Many stock image providers offer what seem like intentionally confusing licenses.  “Royalty free” images (and music) are not actually free but rather are usually subject to lump sum license payments—advertisements about the provider’s license terms may be confusing if not outright misleading.  Many stock image providers also offer different types of licenses that are difficult to differentiate.  For instance, the least expensive types of stock image licenses often do not cover use for “merchandising”, use on more than a specified number of hard copies, use with video production budgets over a certain threshold, etc.  Understanding which type of license addresses your particular intended use may not be simple.  Yet, if you purchase an incorrect license you may find yourself in the position of having made an unlicensed use. 

Lastly, stock image providers may not offer indemnity or, if they do, it might be provided at levels well below statutory damage maximums.[v]   Therefore, if you license an image only to later discover that the image provider was not authorized to license that image you could find yourself in a lawsuit with a monetary exposure that may exceed your apparent culpability.  

Outside Contractors and Ownership

You need a written assignment to own copyright in outside contractors’ work.  This holds even when an outside contractor was specifically hired to create copyrightable works, such as advertising copy, software code, photos, videos, etc.  While “works made for hire” are initially owned by the employer, absent a written agreement to the contrary,[vi] that ownership provision only applies when the work is created by an employee within the scope of his or her job duties or if there is a written work-made-for-hire agreement and the work falls within nine statutory categories of works (and, chances are, it probably does not fall in one of those categories).[vii]  In single-member LLCs and similar small businesses where the owner’s status as an “employee” may be in doubt under agency law, and there is no employment or other applicable agreement in place to clarify, then the ownership of copyrights created by such a person may be subject to dispute at some point.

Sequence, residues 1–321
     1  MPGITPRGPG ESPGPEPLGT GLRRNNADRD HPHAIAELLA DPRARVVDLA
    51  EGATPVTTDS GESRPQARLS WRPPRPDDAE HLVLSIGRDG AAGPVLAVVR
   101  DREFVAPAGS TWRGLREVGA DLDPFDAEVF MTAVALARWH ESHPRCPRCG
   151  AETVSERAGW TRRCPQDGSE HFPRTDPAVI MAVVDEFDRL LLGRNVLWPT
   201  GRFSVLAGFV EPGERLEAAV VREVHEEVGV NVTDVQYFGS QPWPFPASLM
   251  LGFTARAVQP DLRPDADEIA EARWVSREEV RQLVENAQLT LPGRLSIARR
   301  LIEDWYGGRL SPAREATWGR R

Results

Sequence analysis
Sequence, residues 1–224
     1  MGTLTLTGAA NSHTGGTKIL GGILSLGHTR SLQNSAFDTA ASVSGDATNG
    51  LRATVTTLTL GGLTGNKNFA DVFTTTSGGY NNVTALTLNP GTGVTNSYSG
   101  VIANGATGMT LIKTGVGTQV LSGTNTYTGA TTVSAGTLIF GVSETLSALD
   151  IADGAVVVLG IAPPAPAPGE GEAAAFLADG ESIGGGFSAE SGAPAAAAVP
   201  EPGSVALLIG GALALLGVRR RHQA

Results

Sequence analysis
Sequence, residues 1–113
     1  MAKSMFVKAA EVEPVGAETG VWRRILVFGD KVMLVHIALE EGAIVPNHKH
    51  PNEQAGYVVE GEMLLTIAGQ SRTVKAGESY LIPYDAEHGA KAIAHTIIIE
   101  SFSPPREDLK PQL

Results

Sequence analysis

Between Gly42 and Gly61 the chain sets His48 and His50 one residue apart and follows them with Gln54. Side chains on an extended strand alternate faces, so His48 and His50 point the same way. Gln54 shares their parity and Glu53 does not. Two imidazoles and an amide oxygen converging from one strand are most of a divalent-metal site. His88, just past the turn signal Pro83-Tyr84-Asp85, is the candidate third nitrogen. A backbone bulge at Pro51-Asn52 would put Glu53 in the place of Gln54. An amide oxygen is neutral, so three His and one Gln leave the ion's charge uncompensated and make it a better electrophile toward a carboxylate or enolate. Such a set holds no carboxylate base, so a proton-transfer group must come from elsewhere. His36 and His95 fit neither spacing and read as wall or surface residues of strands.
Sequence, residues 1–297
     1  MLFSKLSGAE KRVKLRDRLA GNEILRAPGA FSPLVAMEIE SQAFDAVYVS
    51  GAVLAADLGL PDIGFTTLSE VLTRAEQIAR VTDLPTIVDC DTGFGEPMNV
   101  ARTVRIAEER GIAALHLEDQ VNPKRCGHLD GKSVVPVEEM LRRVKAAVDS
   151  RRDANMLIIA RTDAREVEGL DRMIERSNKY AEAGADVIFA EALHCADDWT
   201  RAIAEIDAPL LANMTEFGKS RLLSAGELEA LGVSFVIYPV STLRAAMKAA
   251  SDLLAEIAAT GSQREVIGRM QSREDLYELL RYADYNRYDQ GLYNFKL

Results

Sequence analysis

Outside vendors, like marketing companies, will sometimes have service agreements with their customers stating that the customer will own all of the work product, but such language may be phrased in the future tense, which is generally not sufficient to constitute an assignment of copyright—in such cases only a contractual obligation to assign has been established and an additional written assignment is required for the customer to actually obtain ownership of particular copyrights, though this may vary under state law.[viii] 

Failure to own a copyright prevents enforcement against infringers.  So, if a business hires an outside photographer to take photos for the business’ web site, if a competitor copies any of them the business may find that it does not own the copyrights in the photos and therefore cannot assert infringement until ownership is secured. 

DMCA Takedowns